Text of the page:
My name is Leigh, and I have an addiction to “bad” t.v. I’m not talking about television that is poorly acted/written or produced. I’m talking about reality shows that document how crazy and amazing humans can be. My favorite examples being: Intervention, Hoarders, Toddlers & Tiaras, and My Big Fat American Gypsy Wedding. Why do I like these shows? This sounds bad, but I think seeing the extreme makes me feel better about myself. Watching a man crawl over mounds of his own garbage makes me feel less bad about not having taken out the recycling for a week. I admit it… it’s terrible. Josh refuses to even be in the same room when I watch one of these shows. But, to me, its fascinating.

Recently, I fell down the “Extreme Cheapskates” rabbit-hole (first season streaming on Netflix). If you aren’t familiar with the show, a film crew follows around someone (documentary-style) who is a self-professed cheapskate. Now, I’ve known some Frugal McDougalls, and many a penny-pincher… but what I find the most interesting about this show is the blurred line between saving money and how much we waste in our consumer culture. The show title is not wrong– many of the subjects of the series do, in fact, go to the “extreme”.  But, for every cringe-worthy moment of watching someone explain their re-useable toilet paper system, there is also a brilliant, money-saving idea. For every person you see who showers with their clothes on, there is also some brilliance to their madness.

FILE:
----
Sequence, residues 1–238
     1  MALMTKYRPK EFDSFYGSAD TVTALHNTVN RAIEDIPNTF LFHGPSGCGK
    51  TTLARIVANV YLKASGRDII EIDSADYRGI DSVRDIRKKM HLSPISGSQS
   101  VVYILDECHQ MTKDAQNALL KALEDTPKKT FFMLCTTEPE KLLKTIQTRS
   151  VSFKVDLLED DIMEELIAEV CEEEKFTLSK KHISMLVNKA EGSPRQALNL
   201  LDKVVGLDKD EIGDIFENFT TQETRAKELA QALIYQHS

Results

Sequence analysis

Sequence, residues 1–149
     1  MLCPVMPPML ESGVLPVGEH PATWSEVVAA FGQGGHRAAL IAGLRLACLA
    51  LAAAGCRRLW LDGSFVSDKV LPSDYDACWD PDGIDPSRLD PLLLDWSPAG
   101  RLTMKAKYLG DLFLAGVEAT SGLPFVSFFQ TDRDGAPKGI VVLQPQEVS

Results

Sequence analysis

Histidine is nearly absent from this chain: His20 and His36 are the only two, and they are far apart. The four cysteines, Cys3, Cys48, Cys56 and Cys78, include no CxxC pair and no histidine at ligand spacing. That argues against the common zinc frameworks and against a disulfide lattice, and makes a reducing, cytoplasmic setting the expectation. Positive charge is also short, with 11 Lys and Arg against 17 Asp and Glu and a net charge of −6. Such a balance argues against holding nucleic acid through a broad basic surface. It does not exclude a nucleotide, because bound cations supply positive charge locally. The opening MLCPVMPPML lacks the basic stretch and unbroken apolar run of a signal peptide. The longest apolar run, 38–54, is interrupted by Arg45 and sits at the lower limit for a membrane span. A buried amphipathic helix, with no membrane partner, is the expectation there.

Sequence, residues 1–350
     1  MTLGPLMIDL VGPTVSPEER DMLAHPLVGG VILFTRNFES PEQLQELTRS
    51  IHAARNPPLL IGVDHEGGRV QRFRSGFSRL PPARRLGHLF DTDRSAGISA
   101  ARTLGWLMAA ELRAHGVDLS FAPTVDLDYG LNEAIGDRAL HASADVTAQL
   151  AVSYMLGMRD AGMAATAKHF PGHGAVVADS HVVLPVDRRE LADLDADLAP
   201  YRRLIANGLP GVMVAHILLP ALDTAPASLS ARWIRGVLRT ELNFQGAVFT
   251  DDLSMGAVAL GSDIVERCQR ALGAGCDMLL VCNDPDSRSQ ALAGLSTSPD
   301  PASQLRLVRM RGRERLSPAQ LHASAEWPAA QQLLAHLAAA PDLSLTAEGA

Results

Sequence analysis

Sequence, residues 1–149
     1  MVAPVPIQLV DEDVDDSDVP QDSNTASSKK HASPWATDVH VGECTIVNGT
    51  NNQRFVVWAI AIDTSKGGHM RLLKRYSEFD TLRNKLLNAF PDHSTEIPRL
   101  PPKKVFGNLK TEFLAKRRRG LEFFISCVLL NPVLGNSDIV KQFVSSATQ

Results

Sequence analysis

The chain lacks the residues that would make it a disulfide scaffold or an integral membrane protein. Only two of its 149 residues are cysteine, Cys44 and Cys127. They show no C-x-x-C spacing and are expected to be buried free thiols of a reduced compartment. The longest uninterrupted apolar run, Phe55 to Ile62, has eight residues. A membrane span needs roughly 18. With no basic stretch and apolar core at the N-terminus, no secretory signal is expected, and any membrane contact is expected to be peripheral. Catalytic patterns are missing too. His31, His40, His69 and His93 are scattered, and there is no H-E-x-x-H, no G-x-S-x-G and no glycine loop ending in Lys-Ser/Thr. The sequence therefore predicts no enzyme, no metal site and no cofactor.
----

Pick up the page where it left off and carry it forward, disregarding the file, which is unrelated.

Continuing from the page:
My favorite tip/practice came from a subject named “Jeff” and regards re-using onion/garlic net-type bags. At FTTDWYW, you know we’re all about re-using things. Jeff proffers up that the net bags, when stuffed together, can be used as a home-made cleaning scrubber.  I am all about the maximum efficiency in all products and thought I would test Jeff’s theory against my tried and true favorite dish sponge. It didn’t take me long to accumulate enough bags to make my own scrubber. One trip to Trader Joe’s basically did the trick. After removing the produce and all skins they may have left, cut off/remove all paper packaging (and put that into the recycle bin). I then simply stuffed all of the bags into one of the smaller, more hand-held size bags.




The upcycled scrubber actually worked REALLY well. It doesn’t have as much finesse as my preferred dish sponge, but for tougher jobs it is pretty incredible. I’ve recently been working on seasoning our cast iron skillet (a post is coming) and had some serious cleaning with Kosher Salt to do. Not only did the homemade scrubber BUST through the mess, but, when rinsed, the scrubber came clean again… you know… due to the plastic. The plastic also allows it to be gentler but just as effective as a steel wool pad. So, in the end, two sponges entered the dishwashing arena and two sponges left…? The makeshift scrubber now serves a specific purpose in my unlikely arsenal of dishwashing tools. 


Another tip Jeff mentioned about these net bags is that the larger ones are great to take to the beach… which made sense to me! Could you fit that into your beach routine, Coralie?

I’m not saying we all need to cut off our own water supply, join a gym, and only shower there… but I think we can agree, as a culture, that we have a serious trash problem. Although I’m obsessive about recycling, I also love long showers. Now that we’re in Southern California, I’m trying to be better about the water… but I know I could do more still. But, every little bit helps, you know?!

Are you obsessed with bad t.v. like me? Do you have an unconventional use for an everyday item? As always, let us know!!



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